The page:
“What? What’s so funny?” I say incredulously.
With a mischievous twinkle in his eye, he says, “Maybe you really did move to Hogwarts.”
Turns out being the town’s only necromancer could pose some problems when the dead won’t stay dead.
Scurrying backward, I try to get far enough away so I can stand, but the creature claws at my legs, digging in and pulling herself further up my body with her good hand. Biting my lip, pain tears through my right ankle from both the sprain and the boney fingertips, as they bear down on my flesh. With my good foot, I rear up, kicking down as hard as I can at the place between her neck and shoulder. The momentum is enough to loosen her grip as she skitters down my leg and nearly falls off.
A loud thumping sound reverberates through the otherwise still cemetery. It starts off low, but then starts to grow louder until a grinding sound takes its place. Terror rises, as does a scream in the back of my throat, as I try to get upright and see what’s causing the sound.
Somewhere close by, Wade yells, “Get out of the goddamn way—”
Using any remaining strength I have in my left leg, I plant another kick on the creature’s face and struggle completely out of her grasp. I no sooner pull back my legs as an enormous granite headstone comes crashing down onto the zombie’s outstretched body. The weight of it flattens her upper torso, severing her head from the rest of her body. It rolls forward unceremoniously and lands face up in the snow.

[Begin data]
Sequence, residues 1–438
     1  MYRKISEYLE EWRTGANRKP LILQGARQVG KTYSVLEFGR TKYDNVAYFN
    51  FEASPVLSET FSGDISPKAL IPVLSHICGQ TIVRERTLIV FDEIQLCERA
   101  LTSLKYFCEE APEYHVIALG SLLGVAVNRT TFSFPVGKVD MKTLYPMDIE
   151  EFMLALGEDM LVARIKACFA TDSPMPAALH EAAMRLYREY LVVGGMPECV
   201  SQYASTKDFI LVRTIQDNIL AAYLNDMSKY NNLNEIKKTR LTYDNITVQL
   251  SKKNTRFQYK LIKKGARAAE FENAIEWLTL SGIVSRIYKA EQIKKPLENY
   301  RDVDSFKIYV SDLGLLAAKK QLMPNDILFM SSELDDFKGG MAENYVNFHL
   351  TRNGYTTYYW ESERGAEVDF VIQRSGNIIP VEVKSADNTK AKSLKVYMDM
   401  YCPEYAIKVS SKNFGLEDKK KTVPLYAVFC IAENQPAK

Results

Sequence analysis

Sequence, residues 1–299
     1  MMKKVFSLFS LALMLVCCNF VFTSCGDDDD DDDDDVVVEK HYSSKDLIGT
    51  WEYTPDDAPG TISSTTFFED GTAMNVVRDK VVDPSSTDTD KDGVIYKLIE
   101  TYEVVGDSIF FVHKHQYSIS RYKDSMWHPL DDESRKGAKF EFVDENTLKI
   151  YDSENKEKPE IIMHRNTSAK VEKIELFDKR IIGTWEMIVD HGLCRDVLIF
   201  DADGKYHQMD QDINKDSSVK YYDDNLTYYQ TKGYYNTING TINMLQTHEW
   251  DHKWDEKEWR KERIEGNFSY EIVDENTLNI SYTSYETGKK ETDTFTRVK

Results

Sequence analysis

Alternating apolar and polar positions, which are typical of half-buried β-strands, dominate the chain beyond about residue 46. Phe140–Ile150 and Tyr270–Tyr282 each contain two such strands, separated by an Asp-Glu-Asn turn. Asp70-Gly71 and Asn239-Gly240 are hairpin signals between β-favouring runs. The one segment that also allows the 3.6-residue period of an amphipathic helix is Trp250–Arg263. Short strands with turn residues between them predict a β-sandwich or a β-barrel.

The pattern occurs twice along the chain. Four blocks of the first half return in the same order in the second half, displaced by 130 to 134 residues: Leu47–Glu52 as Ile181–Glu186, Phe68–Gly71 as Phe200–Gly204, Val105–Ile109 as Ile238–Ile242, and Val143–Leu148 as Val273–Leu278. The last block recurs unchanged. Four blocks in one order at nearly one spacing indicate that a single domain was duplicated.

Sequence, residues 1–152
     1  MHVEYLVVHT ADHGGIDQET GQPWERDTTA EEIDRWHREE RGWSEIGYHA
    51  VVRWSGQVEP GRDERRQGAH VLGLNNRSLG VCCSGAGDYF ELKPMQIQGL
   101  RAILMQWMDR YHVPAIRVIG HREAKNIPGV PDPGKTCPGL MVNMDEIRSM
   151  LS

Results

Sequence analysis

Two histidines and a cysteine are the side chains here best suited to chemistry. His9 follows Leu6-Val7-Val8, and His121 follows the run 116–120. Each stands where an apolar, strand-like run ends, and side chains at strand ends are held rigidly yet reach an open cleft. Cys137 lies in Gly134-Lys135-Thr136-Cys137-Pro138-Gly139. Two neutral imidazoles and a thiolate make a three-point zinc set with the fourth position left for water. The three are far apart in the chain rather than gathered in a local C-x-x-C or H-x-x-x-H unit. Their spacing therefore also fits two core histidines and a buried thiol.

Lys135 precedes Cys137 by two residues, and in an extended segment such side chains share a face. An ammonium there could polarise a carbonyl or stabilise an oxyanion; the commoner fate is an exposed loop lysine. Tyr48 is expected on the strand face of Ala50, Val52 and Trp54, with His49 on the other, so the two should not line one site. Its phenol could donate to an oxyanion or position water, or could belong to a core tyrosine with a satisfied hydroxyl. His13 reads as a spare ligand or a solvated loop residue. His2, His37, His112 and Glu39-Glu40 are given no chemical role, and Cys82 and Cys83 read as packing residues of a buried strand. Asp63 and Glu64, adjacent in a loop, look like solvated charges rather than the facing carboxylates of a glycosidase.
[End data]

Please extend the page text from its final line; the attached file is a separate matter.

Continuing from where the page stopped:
Shuddering away the adrenaline, I scoot back another foot or two for good measure. No matter what I do, I can’t seem to break my gaze away from the severed head.
“How did you know that was going to work?” I say, clutching at my chest and sucking in large gulps of frigid oxygen.
Wade plops down into the snow, knees first, then drops onto his back, gasping for air. After a moment he says, “Years of watching way too much TV.”
Being haunted by ghosts isn’t unusual for Autumn, but this time it’s someone she didn’t think was dead.
The apparition of Abigail kneels down beside her body. Her ghostly hand runs along her semi-bloated arm and she slowly shakes her head.
“It has been too long. Even for an experienced necromancer, the time has come and gone.”